Elsewhere in this Report:
Best Reviewed Multivitamins
Editors discuss the benefits of multivitamins, and how to find the best choices for you and your family. The multivitamins that draw top feedback from expert testing labs and from users are named.
Multivitamins for Men
Editors discuss the multivitamins targeted at men, finding several that pass independent tests for quality and get good reviews from users.
Prenatal vitamins are a must for pregnant women. We report on the top choices with the nutrients needed for you and your growing baby.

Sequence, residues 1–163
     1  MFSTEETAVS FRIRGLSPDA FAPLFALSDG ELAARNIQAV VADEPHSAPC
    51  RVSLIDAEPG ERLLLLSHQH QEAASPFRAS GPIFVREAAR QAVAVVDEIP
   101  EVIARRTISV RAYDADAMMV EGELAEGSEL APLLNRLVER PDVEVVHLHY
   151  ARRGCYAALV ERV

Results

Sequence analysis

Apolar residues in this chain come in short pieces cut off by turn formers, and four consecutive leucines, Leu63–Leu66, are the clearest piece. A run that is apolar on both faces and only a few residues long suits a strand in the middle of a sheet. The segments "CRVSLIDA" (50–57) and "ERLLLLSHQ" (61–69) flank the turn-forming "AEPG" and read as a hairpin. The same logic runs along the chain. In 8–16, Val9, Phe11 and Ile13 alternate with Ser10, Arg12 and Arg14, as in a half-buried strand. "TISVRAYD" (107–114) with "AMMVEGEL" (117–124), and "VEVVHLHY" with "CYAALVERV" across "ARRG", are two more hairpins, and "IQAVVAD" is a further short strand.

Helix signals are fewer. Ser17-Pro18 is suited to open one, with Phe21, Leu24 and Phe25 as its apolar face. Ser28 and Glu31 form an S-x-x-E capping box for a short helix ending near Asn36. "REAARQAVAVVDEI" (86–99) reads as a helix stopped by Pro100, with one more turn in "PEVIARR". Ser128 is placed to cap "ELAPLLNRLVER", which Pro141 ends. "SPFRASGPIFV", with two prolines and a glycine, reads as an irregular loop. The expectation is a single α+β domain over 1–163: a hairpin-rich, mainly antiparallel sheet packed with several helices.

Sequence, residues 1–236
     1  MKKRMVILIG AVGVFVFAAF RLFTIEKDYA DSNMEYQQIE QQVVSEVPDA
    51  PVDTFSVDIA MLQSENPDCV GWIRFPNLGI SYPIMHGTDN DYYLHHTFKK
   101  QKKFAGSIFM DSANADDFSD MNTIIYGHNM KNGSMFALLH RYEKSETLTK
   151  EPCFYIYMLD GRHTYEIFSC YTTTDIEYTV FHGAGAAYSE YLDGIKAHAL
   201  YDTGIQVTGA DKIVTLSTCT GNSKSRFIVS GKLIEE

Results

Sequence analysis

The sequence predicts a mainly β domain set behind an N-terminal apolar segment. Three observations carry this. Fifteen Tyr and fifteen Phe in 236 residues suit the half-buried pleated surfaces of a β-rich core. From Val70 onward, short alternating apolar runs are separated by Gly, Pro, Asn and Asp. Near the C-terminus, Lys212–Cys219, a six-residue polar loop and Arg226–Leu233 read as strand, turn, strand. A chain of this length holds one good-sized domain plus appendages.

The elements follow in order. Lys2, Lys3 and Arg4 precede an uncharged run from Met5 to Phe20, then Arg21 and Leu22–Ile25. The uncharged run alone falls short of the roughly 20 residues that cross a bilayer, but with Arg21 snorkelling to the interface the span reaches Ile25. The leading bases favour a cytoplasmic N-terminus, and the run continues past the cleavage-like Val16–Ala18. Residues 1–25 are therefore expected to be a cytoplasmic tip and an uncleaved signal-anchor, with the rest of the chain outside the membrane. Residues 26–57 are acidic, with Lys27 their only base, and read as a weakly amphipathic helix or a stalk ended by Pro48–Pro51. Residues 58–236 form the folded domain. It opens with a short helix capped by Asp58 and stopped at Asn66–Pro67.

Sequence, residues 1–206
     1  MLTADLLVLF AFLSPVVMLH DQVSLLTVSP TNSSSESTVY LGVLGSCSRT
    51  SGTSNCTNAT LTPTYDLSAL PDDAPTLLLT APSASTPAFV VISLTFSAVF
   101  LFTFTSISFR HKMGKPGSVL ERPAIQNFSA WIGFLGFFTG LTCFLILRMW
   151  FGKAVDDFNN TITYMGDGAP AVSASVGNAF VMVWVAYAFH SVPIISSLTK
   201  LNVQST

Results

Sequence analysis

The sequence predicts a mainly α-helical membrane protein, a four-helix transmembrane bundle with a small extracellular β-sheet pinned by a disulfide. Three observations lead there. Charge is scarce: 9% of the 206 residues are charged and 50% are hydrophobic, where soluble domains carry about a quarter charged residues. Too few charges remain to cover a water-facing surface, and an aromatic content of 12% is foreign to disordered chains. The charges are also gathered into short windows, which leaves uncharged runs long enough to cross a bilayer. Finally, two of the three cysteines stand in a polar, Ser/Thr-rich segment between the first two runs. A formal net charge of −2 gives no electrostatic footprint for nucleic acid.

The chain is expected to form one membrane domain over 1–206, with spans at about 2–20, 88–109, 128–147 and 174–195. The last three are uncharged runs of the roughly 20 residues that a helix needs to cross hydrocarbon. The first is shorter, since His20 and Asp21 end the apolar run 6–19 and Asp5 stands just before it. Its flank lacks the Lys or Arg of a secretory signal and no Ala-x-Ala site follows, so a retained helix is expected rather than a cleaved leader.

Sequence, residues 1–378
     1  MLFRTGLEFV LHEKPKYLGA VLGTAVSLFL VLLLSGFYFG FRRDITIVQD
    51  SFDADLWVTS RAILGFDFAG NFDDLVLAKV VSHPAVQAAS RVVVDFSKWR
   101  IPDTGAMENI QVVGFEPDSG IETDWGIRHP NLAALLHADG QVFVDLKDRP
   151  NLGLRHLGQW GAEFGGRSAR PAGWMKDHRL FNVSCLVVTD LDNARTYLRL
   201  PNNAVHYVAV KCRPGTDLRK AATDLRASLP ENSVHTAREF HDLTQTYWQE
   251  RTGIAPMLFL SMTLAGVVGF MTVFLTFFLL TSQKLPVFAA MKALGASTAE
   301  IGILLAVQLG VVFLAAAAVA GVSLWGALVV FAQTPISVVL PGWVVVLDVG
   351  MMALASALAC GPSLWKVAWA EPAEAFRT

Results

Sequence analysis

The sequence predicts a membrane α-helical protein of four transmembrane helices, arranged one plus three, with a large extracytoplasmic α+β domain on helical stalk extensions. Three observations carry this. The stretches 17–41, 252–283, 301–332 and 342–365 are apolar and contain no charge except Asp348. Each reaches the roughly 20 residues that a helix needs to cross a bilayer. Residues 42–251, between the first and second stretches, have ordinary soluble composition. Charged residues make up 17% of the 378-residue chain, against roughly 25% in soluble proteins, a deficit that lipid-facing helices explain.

Multivitamins for Adults over 50
Adults over age 50 have an increased need for B vitamins, and many not need some other supplements, such as iron. These multivitamins are a great choice for a good nutrient balance for older adults.
Not sure what you need to know before shopping for a multivitamin? This guide will help take the mystery out of the sometimes bewildering maze of the multi.
The most important sources for multivitamins are organizations that test for purity, truth in labeling, and accurate ingredients. These are the sources we used to narrow down our selections of the best multivitamins.